4. The portions of the SAPCR order governing appellant's possessory rights stated as follows:1. Possession Order:[Appellant] shall have supervised possession of [B.S.] every 1st, 3rd, and 5th Saturday of each month for a maximum amount of time of two hours by Alma Hays ․ at [appellant's] sole expense. IT IS ORDERED that [appellant] bring no other people to any period of supervised possession. [Appellant] is ORDERED to refrain from discussing the following topics or people: [B.M.], [L.M.] ․ any events which may occur at the child's home, any psychological or psychiatric counseling that may or may not be in place for [B.S.] or [appellant], the Aggravated Sexual Assault charges which resulted in a guilty plea on June 8, 2007, any court matters, any events that may or may not occur in [B.S.'s] home and or derogatory comments regarding [B.S.'s] educational experience.․4. Restricted Periods of AccessThe Court finds that awarding DAVID CHARLES SCHLITTLER access to the child would not endanger the child's physical health or emotional welfare and would be in the best interest of the child. IT IS THEREFORE ORDERED as follows:a. Visitation shall be under the supervision of Alma Hays ․ on the following days and times: Every 1st, 3rd and 5th Saturday of each month for a maximum time of two hours.5. Supervised VisitationThe Court finds that credible evidence has been presented that DAVID CHARLES SCHLITTLER has a history or pattern of sexual abuse directed against [B.M.], the half-sister of [B.S.], the child the subject of this suit. IT IS THEREFORE ORDERED that visitation shall be under the supervision of Alma Hayes[.]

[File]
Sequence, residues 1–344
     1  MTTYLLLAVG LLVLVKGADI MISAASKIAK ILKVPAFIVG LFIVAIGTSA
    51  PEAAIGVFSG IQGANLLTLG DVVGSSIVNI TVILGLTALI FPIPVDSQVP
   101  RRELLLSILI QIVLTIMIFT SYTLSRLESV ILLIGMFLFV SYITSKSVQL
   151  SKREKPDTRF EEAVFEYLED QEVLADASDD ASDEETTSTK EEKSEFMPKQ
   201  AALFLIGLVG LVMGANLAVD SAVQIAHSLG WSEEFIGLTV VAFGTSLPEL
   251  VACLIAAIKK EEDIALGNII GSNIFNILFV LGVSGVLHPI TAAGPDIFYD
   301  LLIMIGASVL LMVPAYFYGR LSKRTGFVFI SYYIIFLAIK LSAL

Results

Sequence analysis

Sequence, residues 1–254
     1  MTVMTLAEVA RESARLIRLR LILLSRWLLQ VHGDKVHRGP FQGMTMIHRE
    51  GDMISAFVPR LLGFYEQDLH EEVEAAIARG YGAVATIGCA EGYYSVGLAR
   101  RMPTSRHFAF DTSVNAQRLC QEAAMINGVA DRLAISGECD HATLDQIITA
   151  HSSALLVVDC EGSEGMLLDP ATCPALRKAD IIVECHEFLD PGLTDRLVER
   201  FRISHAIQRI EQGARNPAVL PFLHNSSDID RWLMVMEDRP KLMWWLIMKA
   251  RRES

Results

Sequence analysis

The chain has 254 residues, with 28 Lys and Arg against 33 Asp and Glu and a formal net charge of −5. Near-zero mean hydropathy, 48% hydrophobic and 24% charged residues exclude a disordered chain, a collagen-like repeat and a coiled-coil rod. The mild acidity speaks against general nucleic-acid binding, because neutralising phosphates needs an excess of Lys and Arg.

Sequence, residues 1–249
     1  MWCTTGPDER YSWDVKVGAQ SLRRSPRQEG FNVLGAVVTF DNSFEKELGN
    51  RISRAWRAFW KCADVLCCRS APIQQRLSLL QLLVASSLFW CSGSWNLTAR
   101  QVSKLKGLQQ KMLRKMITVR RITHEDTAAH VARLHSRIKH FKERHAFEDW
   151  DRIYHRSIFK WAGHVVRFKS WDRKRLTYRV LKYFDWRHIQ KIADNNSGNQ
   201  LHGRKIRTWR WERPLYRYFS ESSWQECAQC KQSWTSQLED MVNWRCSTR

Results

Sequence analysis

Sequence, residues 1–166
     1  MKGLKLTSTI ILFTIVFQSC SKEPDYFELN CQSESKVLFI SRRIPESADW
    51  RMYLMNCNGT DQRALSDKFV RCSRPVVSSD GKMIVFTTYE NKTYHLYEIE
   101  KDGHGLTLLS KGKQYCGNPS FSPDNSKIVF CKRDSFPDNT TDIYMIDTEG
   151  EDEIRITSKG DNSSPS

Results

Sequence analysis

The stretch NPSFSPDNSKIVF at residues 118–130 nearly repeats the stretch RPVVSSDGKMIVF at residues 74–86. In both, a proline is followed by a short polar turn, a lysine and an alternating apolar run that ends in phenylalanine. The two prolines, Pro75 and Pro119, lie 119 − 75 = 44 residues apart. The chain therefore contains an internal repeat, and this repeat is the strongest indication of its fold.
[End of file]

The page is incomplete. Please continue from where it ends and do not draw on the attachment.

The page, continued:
5. Here, the court of appeals appears to have been referring to evidence in the record indicating that appellant sent messages encouraging B.S. to contact B.M. for the purpose of urging her to recant the sexual-abuse allegations. In particular, in one message to B.S., appellant asked B.S. if he could “work on [B.M.] to recant, [to] tell the truth.”
6. Appellant's two grounds in his petition for discretionary review state,Did the Twelfth Court of Appeals err by holding that Section 38.111, Penal Code, as applied to [appellant], does not violate the Due Process Clause of the Fourteenth Amendment to the United States Constitution?Did the Twelfth Court of Appeals err by holding that Section 38.111, Penal Code, as applied to [appellant], does not violate the Equal Protection Clause of the Fourteenth Amendment to the United States Constitution?
7. The SAPCR order provides that appellant, as a parent possessory conservator, retained the right to: (1) “receive information from any other conservator of the child concerning the health, education, and welfare of the child”; (2) “access [ ] medical, dental, psychological, and educational records of the child”; (3) “consult with a physician, dentist, or psychologist of the child;” and (4) “consult with school officials concerning the child's welfare and educational status, including school activities.” As previously explained, appellant was afforded the right to have supervised visitation three times per month with B.S. The order further provides that, during periods of possession, appellant had the right to “direct the moral and religious training” of B.S.
Alcala, J., delivered the opinion for a unanimous Court.